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The Shifty Business of True Polar Wander
To understand polar shift (known to geologists as the True Polar Wander, or TPW, hypothesis), it helps to have a clear picture of how the Earth is put together.
The Earth isn't a solid ball of rock; it consists of concentric layers, each with its own heat and density characteristics. The outermost layer, the crust, is made up of rocky, interlocking pieces. These aluminum-silicate plates float like rafts atop a molten outer mantle, which surrounds a more fluid inner mantle. Farther in, a liquid nickel-iron outer core encompasses the Earth's solid, iron inner core. Put another way, the Earth consists of a solid shell surrounding a liquid interior, which encircles a solid center.
Most of the Earth's internal heat is stored in the mantle. There, temperature differentials cause convection -- the same process observed in a pot of boiling water, except it takes place over hundreds of kilometers and involves what Dr. Evil would call "liquid hot magma." Hotter magma rises toward the crust while cooler, denser materials -- such as subducted oceanic plates -- sink toward the core [source: Sager]. Convection drives tectonic processes and also redistributes the internal mass of the Earth.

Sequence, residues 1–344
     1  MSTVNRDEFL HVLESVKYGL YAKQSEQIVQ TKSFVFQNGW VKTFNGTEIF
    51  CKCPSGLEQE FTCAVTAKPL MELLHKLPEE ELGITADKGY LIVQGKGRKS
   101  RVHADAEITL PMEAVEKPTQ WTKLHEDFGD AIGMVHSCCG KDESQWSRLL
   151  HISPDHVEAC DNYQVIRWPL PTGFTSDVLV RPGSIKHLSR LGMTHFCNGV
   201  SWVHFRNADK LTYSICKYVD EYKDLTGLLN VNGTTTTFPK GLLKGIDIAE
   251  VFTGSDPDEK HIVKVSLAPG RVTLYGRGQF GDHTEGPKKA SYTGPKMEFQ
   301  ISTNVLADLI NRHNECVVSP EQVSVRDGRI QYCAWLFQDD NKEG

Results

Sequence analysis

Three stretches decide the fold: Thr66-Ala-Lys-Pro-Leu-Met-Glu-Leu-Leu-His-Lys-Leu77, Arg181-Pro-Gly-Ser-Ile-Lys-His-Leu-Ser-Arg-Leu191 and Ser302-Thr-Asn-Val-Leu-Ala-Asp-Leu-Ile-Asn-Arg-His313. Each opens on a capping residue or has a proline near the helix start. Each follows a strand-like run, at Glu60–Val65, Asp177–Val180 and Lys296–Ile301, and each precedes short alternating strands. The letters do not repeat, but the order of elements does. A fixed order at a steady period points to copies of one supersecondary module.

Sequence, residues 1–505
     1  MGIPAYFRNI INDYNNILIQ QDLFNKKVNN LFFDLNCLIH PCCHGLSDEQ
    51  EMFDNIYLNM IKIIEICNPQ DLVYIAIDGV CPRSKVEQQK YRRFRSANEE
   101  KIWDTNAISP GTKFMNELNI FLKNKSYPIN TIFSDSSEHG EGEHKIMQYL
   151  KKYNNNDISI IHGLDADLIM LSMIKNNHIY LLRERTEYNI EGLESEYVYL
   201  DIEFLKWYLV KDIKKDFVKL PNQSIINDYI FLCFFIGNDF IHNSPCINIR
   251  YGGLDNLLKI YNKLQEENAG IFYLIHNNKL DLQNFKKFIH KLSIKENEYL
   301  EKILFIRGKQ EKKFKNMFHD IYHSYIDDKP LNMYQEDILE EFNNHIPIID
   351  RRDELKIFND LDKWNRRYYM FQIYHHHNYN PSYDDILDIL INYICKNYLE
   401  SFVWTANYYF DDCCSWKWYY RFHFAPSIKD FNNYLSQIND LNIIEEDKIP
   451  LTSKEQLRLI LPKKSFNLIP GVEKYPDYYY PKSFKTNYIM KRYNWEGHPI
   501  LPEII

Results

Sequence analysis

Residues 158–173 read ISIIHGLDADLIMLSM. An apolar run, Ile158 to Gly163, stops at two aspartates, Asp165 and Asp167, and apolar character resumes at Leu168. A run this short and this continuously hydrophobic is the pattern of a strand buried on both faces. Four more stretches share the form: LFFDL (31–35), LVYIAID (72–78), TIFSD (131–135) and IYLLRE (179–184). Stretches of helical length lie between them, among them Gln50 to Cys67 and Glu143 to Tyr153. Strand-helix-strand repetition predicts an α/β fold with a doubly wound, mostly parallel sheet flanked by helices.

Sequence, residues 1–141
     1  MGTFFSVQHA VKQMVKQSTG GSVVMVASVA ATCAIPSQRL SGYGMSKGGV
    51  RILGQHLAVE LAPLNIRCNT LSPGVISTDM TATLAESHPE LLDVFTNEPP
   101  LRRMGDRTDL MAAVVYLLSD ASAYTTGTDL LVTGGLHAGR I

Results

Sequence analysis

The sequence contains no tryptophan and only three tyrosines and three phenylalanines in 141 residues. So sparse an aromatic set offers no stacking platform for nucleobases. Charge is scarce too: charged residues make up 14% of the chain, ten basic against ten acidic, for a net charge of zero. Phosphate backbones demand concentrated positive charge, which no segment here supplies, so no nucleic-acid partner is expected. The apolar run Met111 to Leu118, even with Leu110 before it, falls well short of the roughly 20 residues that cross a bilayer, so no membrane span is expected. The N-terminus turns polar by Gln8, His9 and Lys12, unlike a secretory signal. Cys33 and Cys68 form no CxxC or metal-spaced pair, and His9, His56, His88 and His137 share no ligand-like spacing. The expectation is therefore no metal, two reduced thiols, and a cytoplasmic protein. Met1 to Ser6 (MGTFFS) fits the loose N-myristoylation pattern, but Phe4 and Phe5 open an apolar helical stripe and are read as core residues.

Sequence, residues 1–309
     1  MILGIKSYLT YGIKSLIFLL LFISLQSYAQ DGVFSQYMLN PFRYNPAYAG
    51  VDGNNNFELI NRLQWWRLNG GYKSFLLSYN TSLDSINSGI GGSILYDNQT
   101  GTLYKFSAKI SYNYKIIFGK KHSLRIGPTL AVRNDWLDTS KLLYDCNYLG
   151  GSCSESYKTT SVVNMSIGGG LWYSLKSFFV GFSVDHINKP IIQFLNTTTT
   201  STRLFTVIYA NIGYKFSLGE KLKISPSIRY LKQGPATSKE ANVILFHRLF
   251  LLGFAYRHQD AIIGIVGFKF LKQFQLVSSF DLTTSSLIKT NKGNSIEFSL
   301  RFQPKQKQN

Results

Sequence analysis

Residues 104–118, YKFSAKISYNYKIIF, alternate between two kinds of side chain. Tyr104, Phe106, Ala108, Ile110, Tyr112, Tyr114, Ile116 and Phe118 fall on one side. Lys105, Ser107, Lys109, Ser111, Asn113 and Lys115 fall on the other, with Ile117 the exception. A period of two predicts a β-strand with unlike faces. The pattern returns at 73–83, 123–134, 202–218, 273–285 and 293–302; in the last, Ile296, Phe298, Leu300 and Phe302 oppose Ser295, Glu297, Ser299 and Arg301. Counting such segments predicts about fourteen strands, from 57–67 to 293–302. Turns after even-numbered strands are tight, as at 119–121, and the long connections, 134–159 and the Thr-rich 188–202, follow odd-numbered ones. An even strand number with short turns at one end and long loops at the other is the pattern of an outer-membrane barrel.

Above the mantle, the crust tilts, rocks, sinks and rebounds in response to changes in pressure and load, such as those that occur after an ice age, when glacial ice returns to the sea as meltwater. The motion is like how a boat reacts to a person exiting or climbing aboard, only much slower.
When internal and/or surface mass distributions become uneven, TPW might occur, because the centrifugal force of the Earth's spin drives mass anomalies -- whether on the crust or in the mantle -- toward the equator. Some geologists argue that this has happened in the past. One possibility occurred about 800 million years ago; another, 510-610 million years ago, might have caused climate shifts that helped bring about the Cambrian explosion -- the relatively rapid appearance of most of the major groups of animals in the fossil record [source: Maloof].
Some scientists believe that a polar shift is happening right now, at a rate of around nearly 4 inches (10 centimeters) per year [source: Tarduno]. This gradual "righting of the boat" is a physical response to the retreat of the Laurentide ice sheet at the end of the Pleistocene Epoch, 20,000-plus years ago [source: Maloof]. But don't pack the kids into John Cusack's limo just yet; this rate, although fast by plate tectonic standards, is still very, very slow. In fact, TPW takes 1 million to 100 million years to complete an adjustment -- the geological equivalent of watching fingernails grow -- and the current one will stop before making much progress [source: Tarduno; Kirschvink].
However you look at it, rapid polar shifts, like the kind portrayed in the movie "2012," simply don't happen.